RPL Issues: Most Asked Questions Answered Leave a comment

Ever get a wave of dread when you see an RPL application land on your desk? RPL assessments can be complex and time-consuming, and getting them wrong exposes your RTO to compliance risks.

RPL should be a valuable tool in your arsenal, ensuring experienced learners get the qualifications they deserve.  Yet, many RTOs struggle with streamlining the process, maintaining high quality standards, and ensuring candidates have a positive experience.

This blog aims to be your indispensable guide to navigating the world of RPL in Australia. We’ll cover FAQs for making RPL a win-win for your RTO and your learners.

FAQs

A.1. RTOs must offer RPL to all learners, have fair and equitable RPL policies and procedures, ensure assessors have the skills and knowledge to conduct RPL, and maintain detailed records of RPL assessments for audit purposes.

A.2. Yes, the fees can be different than standard course fees, but they must be transparent, published, and reflect the true cost of conducting RPL assessments. Avoid creating financial barriers that would discourage applicants.

A.3. Streamline processes with clear pre-assessment tools, develop templates and guidelines for candidates to improve evidence quality, and consider technology solutions to track RPL assessments efficiently. Partnering with experienced RPL specialists can also be a cost-effective option.

A.4. Common challenges include candidates with difficulty organising or presenting evidence, gaps in skill or knowledge despite experience, and outdated work experience that doesn’t align with current standards.

A.5. Provide clear guidance on acceptable evidence types from the outset, offer pre-assessment support, and work with candidates to explore alternative evidence options if initial offerings are inadequate. If gaps persist, design gap training plans for the candidate.

A.6. This might be eligible for Credit Transfer rather than RPL. Credit transfer recognises formal learning gained through another institution, while RPL assesses skills and knowledge from work and life experience.

A.7. Credit Transfer is the process of having units of competency from previous study recognised towards your current qualification. It reduces the number of units you need to complete, saving time and money.

A.8. ASQA conducted a thematic review of RPL practices in 2017-2018. The key findings highlighted areas like insufficient evidence, inadequate RPL assessor knowledge, and inconsistent RPL practices across RTOs.

A.9.  Industry views RPL favourably when conducted well. It helps address skill shortages, upskills the workforce, and recognises valuable experience. However, inconsistent quality in RPL can undermine its reputation.

A.10. This depends on complexity. It can be cheaper than a full course if the candidate has comprehensive evidence. However, if there are gaps or the process is lengthy, it can be comparable or even exceed full course fees.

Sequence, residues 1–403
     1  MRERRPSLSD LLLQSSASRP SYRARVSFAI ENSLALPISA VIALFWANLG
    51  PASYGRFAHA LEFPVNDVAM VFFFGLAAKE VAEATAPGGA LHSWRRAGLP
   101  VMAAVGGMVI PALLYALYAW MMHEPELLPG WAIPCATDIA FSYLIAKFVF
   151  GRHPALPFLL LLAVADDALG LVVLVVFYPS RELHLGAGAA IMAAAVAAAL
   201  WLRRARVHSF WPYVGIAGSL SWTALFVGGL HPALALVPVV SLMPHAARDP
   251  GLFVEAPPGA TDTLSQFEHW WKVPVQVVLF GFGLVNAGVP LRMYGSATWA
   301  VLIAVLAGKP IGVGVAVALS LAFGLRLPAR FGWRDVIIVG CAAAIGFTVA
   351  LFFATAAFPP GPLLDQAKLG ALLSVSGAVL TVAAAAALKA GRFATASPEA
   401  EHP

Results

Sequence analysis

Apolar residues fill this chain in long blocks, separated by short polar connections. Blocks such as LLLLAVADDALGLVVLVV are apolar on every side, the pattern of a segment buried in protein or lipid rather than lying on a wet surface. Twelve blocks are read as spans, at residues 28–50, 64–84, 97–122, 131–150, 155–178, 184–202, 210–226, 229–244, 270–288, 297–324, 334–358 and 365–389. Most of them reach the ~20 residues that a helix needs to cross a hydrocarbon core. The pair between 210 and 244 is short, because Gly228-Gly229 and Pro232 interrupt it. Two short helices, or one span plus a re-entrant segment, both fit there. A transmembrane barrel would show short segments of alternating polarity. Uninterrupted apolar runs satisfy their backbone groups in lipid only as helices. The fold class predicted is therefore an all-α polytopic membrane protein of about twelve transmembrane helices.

A.11.  Evidence must align with unit of competency requirements. This can include work samples, project portfolios, third-party reports, testimonials, or demonstrations of skills.

A.12. If significant gaps are identified, provide clear feedback and options. They may need short gap training courses or further work experience before re-applying for RPL.

A.13. Under the Standards, they have the right to seek RPL from another RTO. Provide the candidate with transcripts and detailed RPL outcome records to facilitate a smooth transition.

A.14. Yes, but to avoid conflict of interest, use an independent assessor. This ensures the RPL process remains fair and impartial.

A.15. Yes, superseded but non-equivalent units can contribute to RPL for a current unit. Crucially, you must focus on currency. Assess the candidate’s up-to-date skills and knowledge against the current unit requirements. If the superseded unit provides a foundation, the candidate might need to provide supplementary evidence to prove they meet current competency standards.
NOTE: If the superseded unit is deemed EQUIVALENT, it would usually qualify for Credit Transfer, not RPL.

A.16. The Standards mandate that you offer RPL, and the decision depends on the learner’s individual needs. A truly skilled applicant may be able to pass RPL without traditional training. However, consider complexity, currency and gaps.

A.17. Yes, the Standards require RPL for individual units unless training package or licensing rules explicitly forbid it. Here’s why these matters when units are clustered:

  • Overlapping Skills: A candidate might demonstrate proficiency across the whole cluster through RPL, saving them time and money.
  • Partial RPL: Your assessment mapping should show if RPL covers some unit requirements but not others, allowing for targeted training on the remaining areas.

Conclusion

RPL doesn’t need to be a headache. Remember, quality RPL benefits everyone. When done well, it validates learner experience, fills skills gaps faster, and boosts your RTO’s reputation in the industry.

Disclaimer:
The information presented on the VET Resources blog is for general guidance only. While we strive for accuracy, we cannot guarantee the completeness or timeliness of the information. VET Resources is not responsible for any errors or omissions, or for the results obtained from the use of this information. Always consult a professional for advice tailored to your circumstances.

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